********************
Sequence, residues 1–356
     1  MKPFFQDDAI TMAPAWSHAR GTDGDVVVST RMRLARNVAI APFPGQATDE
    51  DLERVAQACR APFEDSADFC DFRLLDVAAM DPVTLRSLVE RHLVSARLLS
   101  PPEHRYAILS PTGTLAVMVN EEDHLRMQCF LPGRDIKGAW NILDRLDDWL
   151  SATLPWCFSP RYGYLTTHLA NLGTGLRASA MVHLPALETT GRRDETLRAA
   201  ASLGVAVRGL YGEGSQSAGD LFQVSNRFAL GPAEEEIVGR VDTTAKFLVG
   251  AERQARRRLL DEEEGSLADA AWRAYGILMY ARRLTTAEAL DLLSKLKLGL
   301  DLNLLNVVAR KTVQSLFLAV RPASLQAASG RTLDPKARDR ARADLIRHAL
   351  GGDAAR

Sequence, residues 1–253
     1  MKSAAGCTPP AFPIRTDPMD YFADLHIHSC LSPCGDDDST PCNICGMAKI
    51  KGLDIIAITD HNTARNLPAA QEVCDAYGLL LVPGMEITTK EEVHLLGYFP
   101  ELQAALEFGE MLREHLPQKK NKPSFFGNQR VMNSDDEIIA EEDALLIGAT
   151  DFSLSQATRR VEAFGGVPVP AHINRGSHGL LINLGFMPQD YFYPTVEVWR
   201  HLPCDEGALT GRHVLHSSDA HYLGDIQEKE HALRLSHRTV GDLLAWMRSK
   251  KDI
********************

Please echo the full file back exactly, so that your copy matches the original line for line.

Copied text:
Sequence, residues 1–356
     1  MKPFFQDDAI TMAPAWSHAR GTDGDVVVST RMRLARNVAI APFPGQATDE
    51  DLERVAQACR APFEDSADFC DFRLLDVAAM DPVTLRSLVE RHLVSARLLS
   101  PPEHRYAILS PTGTLAVMVN EEDHLRMQCF LPGRDIKGAW NILDRLDDWL
   151  SATLPWCFSP RYGYLTTHLA NLGTGLRASA MVHLPALETT GRRDETLRAA
   201  ASLGVAVRGL YGEGSQSAGD LFQVSNRFAL GPAEEEIVGR VDTTAKFLVG
   251  AERQARRRLL DEEEGSLADA AWRAYGILMY ARRLTTAEAL DLLSKLKLGL
   301  DLNLLNVVAR KTVQSLFLAV RPASLQAASG RTLDPKARDR ARADLIRHAL
   351  GGDAAR

Sequence, residues 1–253
     1  MKSAAGCTPP AFPIRTDPMD YFADLHIHSC LSPCGDDDST PCNICGMAKI
    51  KGLDIIAITD HNTARNLPAA QEVCDAYGLL LVPGMEITTK EEVHLLGYFP
   101  ELQAALEFGE MLREHLPQKK NKPSFFGNQR VMNSDDEIIA EEDALLIGAT
   151  DFSLSQATRR VEAFGGVPVP AHINRGSHGL LINLGFMPQD YFYPTVEVWR
   201  HLPCDEGALT GRHVLHSSDA HYLGDIQEKE HALRLSHRTV GDLLAWMRSK
   251  KDI